The smell of onsens

Since today's trip should not be terribly long, we decide to first start with what we couldn't do yesterday, visit the castle. A couple of other tourists are already waiting until the castle opens, right on time. This castle also seems to have been preserved very well, and the collection of firearms on display is quite impressive.
When we get back on the road, the start is relatively boring. First we have to navigate through Matsumoto, then about 50 kilometres of express-way. When we leave the express-way though, we once more find ourselves on hills and mountains, and a brief detour takes us right to the foot of a volcano.
Although the top of the volcano remains hidden in the cloud cover, the view around it is impressive, as are the rough boulders that are strewn around the countryside. A quick meal later, we continue for the last part of today's route. And once more, after the last attraction along the route, it starts to lightly rain. At the hotel, motorbikes once more give us VIP treatment, as we get to park right next to the front door, even though officially the street is closed for all traffic.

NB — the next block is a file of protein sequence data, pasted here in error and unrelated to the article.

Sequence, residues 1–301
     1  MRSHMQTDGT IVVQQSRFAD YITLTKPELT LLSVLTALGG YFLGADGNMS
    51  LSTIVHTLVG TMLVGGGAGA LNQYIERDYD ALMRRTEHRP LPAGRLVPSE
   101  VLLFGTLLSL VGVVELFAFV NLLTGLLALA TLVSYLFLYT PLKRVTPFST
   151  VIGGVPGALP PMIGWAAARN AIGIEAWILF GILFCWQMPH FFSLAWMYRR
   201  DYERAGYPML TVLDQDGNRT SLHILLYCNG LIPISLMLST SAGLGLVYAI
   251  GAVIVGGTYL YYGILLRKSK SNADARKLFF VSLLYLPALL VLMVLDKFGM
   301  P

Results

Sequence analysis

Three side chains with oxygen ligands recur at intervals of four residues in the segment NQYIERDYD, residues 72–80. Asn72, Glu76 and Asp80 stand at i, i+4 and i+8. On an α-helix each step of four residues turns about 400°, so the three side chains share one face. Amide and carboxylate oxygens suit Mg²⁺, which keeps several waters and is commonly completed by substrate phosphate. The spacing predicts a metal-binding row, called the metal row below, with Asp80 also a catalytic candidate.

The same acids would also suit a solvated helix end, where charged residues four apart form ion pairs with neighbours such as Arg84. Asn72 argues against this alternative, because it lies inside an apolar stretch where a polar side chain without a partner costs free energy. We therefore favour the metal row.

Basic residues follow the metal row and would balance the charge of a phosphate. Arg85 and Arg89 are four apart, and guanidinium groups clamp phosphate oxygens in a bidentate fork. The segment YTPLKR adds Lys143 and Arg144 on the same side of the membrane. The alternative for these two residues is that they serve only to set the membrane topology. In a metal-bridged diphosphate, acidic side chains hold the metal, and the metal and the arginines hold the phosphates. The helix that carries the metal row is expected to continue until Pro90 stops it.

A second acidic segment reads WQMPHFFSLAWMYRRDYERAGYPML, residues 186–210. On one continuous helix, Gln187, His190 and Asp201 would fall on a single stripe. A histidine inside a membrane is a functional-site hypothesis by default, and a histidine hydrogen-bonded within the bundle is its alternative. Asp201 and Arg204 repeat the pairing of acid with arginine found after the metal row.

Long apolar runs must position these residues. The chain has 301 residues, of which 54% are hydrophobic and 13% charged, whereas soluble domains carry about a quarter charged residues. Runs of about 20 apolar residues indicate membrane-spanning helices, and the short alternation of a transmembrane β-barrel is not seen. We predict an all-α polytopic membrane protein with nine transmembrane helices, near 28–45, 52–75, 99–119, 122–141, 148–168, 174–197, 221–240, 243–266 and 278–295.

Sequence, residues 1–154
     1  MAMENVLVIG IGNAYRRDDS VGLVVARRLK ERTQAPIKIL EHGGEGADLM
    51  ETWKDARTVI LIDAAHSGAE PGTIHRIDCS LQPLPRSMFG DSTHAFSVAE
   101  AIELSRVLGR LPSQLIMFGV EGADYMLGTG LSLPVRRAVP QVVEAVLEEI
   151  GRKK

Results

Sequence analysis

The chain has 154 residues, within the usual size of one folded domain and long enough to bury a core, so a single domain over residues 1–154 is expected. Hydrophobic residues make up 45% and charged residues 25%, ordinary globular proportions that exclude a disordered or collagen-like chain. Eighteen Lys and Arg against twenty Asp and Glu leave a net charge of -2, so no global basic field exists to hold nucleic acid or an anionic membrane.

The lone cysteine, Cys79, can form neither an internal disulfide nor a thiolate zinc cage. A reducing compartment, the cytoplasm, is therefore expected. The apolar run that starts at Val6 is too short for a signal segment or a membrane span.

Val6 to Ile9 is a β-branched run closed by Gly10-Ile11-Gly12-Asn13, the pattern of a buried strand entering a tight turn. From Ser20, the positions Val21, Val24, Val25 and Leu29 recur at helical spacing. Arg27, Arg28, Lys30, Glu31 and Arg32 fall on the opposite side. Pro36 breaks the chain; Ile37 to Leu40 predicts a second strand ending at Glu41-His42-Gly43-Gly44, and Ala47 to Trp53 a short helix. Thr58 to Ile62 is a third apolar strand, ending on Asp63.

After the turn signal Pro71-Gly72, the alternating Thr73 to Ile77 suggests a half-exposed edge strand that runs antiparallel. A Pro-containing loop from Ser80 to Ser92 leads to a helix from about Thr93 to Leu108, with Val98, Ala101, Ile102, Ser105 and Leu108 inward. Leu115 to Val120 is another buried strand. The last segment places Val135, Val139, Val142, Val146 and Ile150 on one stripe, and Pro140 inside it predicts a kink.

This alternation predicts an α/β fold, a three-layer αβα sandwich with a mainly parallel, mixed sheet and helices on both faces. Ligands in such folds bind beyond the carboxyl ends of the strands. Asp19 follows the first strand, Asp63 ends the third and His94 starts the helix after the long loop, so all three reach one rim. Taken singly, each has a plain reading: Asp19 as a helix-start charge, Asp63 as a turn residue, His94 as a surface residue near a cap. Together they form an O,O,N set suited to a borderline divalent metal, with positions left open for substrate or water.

Kusatsu is one of the most famous onsen towns, and in the middle of the village, from a large pool the hot water wells up, along with the strong smell of sulphur. The town is officially an interesting place, according to the Japanese government, on account of its unique smell, which because of the sulphur-content doesn't leave much to the imagination.
Fortunately, Sai no kawara, the large rotemburo (outdoor bath) doesn't hold as strong a smell as the centre of the village does, and this is an excellent place to soak for a while, before going back to the hotel to enjoy the evening meal.